After a heavy night with a few of the ex-UEA mountaineering club members visiting us in The London it was an unpleasant early morning trudge to the tube station nursing a hangover. With perfect timing it just so happened that I was flying out on the one day that Hell (sorry, London, nope, right the first time) froze over. Heavy snow meant minor panic, as all public transport was buggered and it started to look as though a tube might not turn up at all. Thankfully it did and it turned out that there was no worry of missing my flight as it ended up delayed for 3 hours. There was only one de-icing truck available and it was snowing so heavily that once they’d defrosted one side of the plane the previous side had re-frozen up and needed doing again….This, of course, meant I missed my connecting flight which took off 5 minutes before I landed in Atlanta. Luckily, avoiding a repeat of last time this happened to me, they managed to get me the last seat on the last plane to New Orleans that evening. Although, from the sound of things, plenty were not so lucky, airports around the west coast of the US must have been full of stressed out scientists snuggling up to their poster tubes that night.
AGU was intense, having been to EGU (the European version in Vienna) during my PhD and thinking that was pretty big, I was expecting something of a similar scale. I was wrong, it was unfathomably massive. There were over 25,000 geoscientists in attendance and over 20,000 talks and posters to see….that is a fuck ton of exciting new scientific research being shared. The conference centre was over a kilometre long, it took over 20 minutes to get from one end to the other with all the crowds; thankfully all the Planetary Science talks were clustered together so I didn’t have to run about much – although still managed to average about 15,000 steps a day just getting about!
Due to the sheer number of coevally running sessions it was not possible to see everything I had an interest in (if you’ve read this blog before you may have noticed I get involved in an eclectic mix of sciences) so I stuck with the Planetary Science sessions as that’s what I work with at the moment. Running between talks on Martian surface processes and outer solar system geochemistry – my main 2 things at the moment. There was some exciting results being presented from all the current missions that are on the go at the minute – especially from Mars Curiosity and the recently deceased Cassini probe, so lots of cool space pictures.
|Bourbon Street in the French Quarter|
I was there to present a poster on our latest paper on the effects of hydration state on Martian perchlorate salts, about which a summary blog post will be coming soon once the open access version of the article is out (you can read the pre-proofed version of the article here, although it is temporarily pay walled). Unfortunately, despite good intentions of being well rested and fresh for the 8am session, the night before got pretty heavy. It is apparently impossible to have a quiet drink in New Orleans and we ended up in a bar with a pretty cool band drinking Sazeracs (the local speciality cocktail, laced with absinthe) with random other scientists until the early hours. This was partly because my mate fancied the band’s singer (oh, shit, I was supposed to never mention that again) but also because this is what happened EVERY SINGLE NIGHT.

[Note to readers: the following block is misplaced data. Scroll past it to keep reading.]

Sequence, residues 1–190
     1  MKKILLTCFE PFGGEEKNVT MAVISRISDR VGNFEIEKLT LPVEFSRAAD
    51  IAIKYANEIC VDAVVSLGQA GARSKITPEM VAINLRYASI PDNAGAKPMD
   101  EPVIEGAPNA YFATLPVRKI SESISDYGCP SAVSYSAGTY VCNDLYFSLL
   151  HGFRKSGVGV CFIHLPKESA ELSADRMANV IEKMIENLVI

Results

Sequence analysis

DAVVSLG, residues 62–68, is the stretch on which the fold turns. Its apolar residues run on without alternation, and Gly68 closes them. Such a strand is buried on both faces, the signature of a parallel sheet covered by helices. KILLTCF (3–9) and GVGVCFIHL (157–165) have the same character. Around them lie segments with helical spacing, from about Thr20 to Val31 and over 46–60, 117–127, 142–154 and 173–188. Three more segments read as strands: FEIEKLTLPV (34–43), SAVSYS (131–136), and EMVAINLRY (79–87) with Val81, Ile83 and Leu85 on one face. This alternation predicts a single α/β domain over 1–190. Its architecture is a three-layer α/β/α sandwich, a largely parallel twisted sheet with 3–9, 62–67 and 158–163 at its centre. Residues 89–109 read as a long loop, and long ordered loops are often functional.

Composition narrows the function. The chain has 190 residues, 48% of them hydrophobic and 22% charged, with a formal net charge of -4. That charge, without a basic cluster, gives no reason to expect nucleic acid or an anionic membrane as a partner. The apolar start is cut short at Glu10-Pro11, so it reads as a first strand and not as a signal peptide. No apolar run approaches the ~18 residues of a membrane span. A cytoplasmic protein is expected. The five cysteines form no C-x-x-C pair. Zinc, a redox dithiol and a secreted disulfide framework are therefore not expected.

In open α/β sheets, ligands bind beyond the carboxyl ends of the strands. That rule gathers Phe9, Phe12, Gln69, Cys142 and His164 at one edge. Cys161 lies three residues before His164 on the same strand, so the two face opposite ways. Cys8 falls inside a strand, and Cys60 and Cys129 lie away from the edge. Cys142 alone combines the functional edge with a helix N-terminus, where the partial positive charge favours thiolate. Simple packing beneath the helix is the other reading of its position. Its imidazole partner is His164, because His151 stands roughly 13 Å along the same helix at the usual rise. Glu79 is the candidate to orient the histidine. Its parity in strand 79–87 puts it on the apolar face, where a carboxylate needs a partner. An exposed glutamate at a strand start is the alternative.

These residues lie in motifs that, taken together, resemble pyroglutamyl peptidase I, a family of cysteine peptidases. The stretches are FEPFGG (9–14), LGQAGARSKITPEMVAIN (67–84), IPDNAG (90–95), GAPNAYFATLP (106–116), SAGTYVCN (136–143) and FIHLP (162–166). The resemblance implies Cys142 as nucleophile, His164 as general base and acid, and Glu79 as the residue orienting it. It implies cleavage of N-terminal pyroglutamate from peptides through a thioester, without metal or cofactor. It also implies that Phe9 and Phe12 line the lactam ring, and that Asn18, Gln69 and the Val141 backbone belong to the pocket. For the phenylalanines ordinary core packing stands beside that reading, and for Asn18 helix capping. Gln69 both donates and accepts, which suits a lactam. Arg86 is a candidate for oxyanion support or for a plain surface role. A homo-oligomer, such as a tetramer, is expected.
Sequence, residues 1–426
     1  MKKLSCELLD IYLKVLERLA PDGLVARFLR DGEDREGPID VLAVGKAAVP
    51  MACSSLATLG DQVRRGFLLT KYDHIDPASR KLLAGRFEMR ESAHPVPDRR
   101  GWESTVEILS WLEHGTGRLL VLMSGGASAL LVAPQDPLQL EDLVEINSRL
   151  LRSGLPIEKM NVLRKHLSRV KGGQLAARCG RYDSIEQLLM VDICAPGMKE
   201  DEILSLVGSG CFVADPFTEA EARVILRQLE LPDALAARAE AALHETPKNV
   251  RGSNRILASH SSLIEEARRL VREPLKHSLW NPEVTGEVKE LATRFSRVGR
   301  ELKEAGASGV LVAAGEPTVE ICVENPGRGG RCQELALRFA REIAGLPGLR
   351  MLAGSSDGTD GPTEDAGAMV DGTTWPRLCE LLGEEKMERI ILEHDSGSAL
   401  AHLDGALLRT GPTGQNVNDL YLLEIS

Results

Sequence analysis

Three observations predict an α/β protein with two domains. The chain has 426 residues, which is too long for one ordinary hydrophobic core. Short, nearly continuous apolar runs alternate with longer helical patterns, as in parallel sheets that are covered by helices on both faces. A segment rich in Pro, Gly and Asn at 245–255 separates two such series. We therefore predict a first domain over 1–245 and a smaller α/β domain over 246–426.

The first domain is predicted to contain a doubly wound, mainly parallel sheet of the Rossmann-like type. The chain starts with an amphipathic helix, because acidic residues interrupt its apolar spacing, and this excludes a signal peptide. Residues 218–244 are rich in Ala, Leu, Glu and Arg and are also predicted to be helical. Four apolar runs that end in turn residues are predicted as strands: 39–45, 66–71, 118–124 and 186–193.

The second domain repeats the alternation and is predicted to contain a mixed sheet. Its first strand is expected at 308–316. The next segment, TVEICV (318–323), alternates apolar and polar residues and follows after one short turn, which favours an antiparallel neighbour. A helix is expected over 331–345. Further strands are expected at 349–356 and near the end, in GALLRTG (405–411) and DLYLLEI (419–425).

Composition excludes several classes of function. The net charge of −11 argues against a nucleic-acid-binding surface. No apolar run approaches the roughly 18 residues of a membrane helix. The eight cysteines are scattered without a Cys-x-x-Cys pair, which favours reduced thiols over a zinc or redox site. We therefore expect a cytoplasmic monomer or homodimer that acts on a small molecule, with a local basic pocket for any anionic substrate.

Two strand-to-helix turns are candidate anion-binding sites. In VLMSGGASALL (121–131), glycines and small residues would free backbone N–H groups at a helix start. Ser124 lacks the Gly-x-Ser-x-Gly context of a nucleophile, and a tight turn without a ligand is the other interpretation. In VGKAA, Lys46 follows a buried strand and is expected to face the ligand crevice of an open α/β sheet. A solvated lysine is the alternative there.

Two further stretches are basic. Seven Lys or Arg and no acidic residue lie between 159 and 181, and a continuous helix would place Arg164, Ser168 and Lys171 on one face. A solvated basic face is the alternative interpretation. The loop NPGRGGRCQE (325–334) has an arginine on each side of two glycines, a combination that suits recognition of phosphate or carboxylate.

|Bourbon Street at night, watching people 'get got'|
As it turns out, an AGU poster session is not the place to be with an absinthe-derived hangover, they are intense AF. What was cool was that everyone was super positive about the results and I now have a few things to try in the lab for future work that have come out of the chats we had. The argument I was sort of expecting with the research group whose work our work is directly contradicting never came, which I guess is good as it would probably have ended with me spewing up on a senior NASA scientists shoes… I did have a minor fan-girly moment when one of the old professors who’s big on the Curiosity Rover team came up to collect a copy of our paper though.
New Orleans is a great locality for a conference, as somebody who hates being in cities, this is definitely one of the best I’ve been to. Every evening was spent exploring the French Quarter or the Riverside area, hanging out in ridiculously cool bars listening to spectacular live music – lots of Jazz – and drinking great local craft ales and Sazerac. The food was also amazing, blackened fish, shrimp, deep fried catfish and crawdads, so good, although I didn’t get round to trying any ‘gator.
|Apparently everything that lives in the river/gulf can and will be deep fried|
|Steaming down the Mississippi|
All in, it was an amazing week; exciting science and great times, I wonder if Washington will be able to compare next year? Somehow I doubt it…